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44th North Carolina Infantry
Active 28 March 1862–9 April 1865
Country Confederate States of America
Allegiance North Carolina
Branch Confederate States Army
Type Infantry
Size Regiment
Engagements
Commanders
Notable
commanders
Charles M. Stedman

The 44th North Carolina Infantry Regiment was a unit of the Confederate States Army during the American Civil War. Raised in North Carolina during March 1862, it initially served in the eastern part of the state. The regiment moved north and joined the Army of Northern Virginia, guarding rail junctions during the Battle of Gettysburg. For the rest of the war, the regiment served in the North Carolina brigade successively commanded by Pettigrew, Kirkland, and MacRae. It subsequently fought in the Bristoe Campaign, the Wilderness campaign, and the Siege of Petersburg. In the northern hemisphere spring of 1865 it served with the Army of Northern Virginia in the retreat from Richmond and surrendered at the conclusion of the Appomattox Campaign on 9 April.

History[]

Officers of the 44th North Carolina: Lieutenant Colonel Tazewell F. Hargrove (center), Captains Elkanah E. Lyon of Co A (top left), R.C. Brown of Co B (top right), Robert Bingham of Co G (bottom right), Thomas Hill Norwood of Co H (bottom left)

The 44th North Carolina Infantry was organized on 28 March 1862 at Camp Magnum, near Raleigh, North Carolina, under the command of elected Colonel George B. Singletary.[1] It included ten companies, which enlisted between January and March and were mustered in on 3 April. Company A (Granville Regulators) included men from Granville County, Company B men from Edgecombe County, Companies C and D (Pitt Regulators) men from Pitt County, Company E (Turtle Paws) men from Chatham County, Company F (Trojan Regulators) men from Montgomery County, Company G men from Orange and Alamance Counties, Company H (Montgomery Guards) men from Montgomery County, Company I (Eastern Tigers) men from Pitt and Craven Counties, and Company K (Franklin Guides to Freedom) men from Franklin County. The men of the regiment hailed from the eastern part of North Carolina.[2]

The regiment initially served with the Department of North Carolina, being ordered to Tarboro on 19 May. It then moved to Greenville in eastern North Carolina, participating in outpost and picket duty against Burnside's North Carolina Expedition. On 5 June the regiment fought in the Battle of Tranter's Creek, during which Singletary was killed. His brother, Thomas C. Singletary, was elected Colonel on 28 June.[1] The regiment was sent north to Virginia, where it joined Pettigrew's Brigade, serving with the Army of Northern Virginia alongside the 11th, 26th, 47th, and 52nd North Carolina Regiments. While the rest of Pettigrew's brigade moved on to Gettysburg, where it fought in Pickett's Charge, the regiment was left behind at Hanover Junction to guard the rail line there,[3] securing the army's communications to Richmond. Singletary guarded the junction with two companies, while Major Charles M. Stedman with four companies was posted north of the junction. The remaining four companies, under the command of Lieutenant Colonel Tazewell L. Hargrove, were each assigned to guard a bridge of the Fredericksburg and Central Railroads across the South Anna and Little Rivers. Hargrove remained with Company A at the Central Railroad bridge over the South Anna, the most threatened by Union attack.[1]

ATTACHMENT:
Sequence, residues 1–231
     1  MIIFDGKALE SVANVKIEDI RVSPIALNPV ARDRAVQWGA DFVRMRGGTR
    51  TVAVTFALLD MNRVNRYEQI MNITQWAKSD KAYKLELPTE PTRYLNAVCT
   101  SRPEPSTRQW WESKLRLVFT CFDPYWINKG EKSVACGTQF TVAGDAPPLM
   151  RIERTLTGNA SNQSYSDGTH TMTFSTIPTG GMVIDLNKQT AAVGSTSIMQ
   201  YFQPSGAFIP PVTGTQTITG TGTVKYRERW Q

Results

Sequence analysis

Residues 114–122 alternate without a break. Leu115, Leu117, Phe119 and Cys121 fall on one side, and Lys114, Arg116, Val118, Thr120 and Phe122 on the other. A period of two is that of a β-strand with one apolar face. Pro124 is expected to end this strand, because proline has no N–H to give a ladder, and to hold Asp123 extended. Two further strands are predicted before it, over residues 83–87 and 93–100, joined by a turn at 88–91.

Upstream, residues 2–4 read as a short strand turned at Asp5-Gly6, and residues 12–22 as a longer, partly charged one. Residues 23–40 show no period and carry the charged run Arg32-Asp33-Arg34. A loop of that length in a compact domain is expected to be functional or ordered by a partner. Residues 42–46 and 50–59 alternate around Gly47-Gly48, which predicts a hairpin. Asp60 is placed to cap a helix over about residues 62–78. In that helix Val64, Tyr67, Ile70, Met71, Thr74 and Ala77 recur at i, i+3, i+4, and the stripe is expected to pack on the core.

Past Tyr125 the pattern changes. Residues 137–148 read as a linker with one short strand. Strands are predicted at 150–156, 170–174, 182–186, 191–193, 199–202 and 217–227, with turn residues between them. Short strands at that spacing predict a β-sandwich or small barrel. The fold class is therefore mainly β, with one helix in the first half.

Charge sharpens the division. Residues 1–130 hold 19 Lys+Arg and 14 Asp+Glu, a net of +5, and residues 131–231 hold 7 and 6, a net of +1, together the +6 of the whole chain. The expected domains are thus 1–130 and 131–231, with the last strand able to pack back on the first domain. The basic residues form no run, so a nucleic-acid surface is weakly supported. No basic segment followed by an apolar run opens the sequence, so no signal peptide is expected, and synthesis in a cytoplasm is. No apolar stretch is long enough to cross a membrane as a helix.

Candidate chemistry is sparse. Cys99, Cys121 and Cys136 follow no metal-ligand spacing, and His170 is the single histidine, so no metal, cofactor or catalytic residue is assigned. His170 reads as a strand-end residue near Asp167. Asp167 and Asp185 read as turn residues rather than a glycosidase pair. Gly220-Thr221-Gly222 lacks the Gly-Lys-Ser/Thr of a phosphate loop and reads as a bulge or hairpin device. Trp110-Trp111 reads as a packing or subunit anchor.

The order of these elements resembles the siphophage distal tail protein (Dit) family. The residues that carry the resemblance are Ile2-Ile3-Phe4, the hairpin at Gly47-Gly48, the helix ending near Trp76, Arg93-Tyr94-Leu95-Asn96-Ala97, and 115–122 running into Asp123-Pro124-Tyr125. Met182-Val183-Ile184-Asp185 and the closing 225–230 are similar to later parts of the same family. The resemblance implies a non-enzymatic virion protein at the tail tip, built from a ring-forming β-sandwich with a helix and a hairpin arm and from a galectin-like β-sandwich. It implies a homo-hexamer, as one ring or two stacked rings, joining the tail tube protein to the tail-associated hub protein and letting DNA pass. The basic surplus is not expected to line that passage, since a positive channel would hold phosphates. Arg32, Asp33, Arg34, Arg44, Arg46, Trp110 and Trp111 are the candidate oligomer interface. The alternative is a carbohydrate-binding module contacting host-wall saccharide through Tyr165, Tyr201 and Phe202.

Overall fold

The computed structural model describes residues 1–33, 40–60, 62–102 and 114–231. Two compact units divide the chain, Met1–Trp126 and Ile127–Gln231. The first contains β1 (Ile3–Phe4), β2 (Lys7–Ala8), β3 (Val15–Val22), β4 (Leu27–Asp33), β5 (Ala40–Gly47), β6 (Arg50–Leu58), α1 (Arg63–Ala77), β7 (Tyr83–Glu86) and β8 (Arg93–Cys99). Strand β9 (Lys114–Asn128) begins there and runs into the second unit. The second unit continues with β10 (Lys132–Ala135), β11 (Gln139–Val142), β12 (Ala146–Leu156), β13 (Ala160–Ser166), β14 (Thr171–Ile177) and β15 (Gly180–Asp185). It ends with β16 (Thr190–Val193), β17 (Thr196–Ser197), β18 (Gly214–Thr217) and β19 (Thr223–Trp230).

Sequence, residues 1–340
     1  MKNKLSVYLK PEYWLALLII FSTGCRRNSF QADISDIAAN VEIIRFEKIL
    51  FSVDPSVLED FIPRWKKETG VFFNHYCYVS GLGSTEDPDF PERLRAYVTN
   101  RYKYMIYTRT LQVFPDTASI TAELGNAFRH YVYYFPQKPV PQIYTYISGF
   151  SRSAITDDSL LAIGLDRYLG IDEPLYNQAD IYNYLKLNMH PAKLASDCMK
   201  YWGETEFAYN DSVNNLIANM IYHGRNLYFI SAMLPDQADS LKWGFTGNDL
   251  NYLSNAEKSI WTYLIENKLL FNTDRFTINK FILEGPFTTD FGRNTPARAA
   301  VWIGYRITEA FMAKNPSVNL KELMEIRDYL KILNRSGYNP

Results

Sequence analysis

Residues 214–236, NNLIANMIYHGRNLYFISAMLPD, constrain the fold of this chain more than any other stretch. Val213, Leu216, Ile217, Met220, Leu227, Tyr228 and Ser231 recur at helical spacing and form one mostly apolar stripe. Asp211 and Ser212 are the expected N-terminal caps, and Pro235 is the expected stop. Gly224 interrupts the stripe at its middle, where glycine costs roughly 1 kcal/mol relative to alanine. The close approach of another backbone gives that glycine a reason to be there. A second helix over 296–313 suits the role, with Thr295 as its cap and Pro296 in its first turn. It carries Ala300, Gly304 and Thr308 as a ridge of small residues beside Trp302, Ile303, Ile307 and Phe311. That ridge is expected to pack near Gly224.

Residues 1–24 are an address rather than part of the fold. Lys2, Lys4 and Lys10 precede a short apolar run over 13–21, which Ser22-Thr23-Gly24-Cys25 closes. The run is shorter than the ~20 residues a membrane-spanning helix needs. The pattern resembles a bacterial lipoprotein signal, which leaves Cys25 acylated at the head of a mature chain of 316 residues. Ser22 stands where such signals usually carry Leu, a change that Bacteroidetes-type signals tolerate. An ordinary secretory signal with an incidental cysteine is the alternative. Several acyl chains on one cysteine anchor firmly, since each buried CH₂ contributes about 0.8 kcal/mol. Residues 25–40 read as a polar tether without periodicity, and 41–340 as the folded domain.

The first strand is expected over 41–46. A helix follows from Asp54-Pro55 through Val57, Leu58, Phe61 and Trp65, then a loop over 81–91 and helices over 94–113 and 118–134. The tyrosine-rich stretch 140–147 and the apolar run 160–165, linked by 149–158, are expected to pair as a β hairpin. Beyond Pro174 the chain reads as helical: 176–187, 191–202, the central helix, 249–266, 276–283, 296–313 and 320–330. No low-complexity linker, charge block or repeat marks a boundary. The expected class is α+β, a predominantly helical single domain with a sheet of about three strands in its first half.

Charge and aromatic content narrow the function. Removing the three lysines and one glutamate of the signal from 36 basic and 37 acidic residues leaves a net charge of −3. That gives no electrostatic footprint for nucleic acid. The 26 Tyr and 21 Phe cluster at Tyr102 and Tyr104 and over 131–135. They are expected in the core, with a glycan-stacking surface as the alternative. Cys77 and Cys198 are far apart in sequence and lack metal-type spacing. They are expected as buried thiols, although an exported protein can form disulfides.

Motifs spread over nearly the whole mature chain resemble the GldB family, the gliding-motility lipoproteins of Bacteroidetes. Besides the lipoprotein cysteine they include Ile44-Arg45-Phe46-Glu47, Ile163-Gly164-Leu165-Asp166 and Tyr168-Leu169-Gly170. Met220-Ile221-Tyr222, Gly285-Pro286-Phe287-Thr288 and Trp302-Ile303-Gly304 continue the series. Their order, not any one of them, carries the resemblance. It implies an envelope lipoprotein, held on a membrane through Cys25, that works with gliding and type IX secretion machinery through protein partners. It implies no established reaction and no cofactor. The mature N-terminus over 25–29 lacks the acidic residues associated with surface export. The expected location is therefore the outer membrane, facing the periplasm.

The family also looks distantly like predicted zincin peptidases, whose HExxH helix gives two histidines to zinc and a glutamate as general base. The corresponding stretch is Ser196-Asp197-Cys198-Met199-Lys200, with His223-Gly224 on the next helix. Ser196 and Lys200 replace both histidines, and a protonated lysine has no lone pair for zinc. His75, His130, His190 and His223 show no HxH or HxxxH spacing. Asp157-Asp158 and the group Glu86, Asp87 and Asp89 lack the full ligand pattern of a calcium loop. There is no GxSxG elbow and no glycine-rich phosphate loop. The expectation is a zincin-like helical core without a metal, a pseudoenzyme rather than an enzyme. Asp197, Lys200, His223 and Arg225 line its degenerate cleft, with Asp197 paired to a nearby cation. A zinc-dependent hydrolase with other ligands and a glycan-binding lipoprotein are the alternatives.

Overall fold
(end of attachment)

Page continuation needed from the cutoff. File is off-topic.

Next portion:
The 44th subsequently served with Kirkland's Brigade and MacRae's Brigade, fighting in the Bristoe Campaign. During the Battle of Bristoe Station, part of the Bristoe Campaign, the regiment reported losses of 23 killed and 63 wounded. It suffered heavy casualties during the Battle of the Wilderness before fighting in the Battle of Spotsylvania Court House and the Battle of Cold Harbor during the Wilderness campaign. From late 1864 to the northern hemisphere spring of 1865, the regiment fought in the Siege of Petersburg south of the James River, in which it again suffered heavy casualties.[3]

In late March 1865, the regiment retreated from Richmond with the rest of the army during the Appomattox Campaign. On 9 April, it surrendered with the rest of the army at Appomattox, mustering only eight officers and 74 men.[3]

Its commanders included Colonels G.B. Singeltary and T.C. Singeltary; Lieutenant Colonels Richard C. Cotton, Elisha Cromwell, and Tazewell L. Hargrove, and Major Charles M. Stedman.[3]

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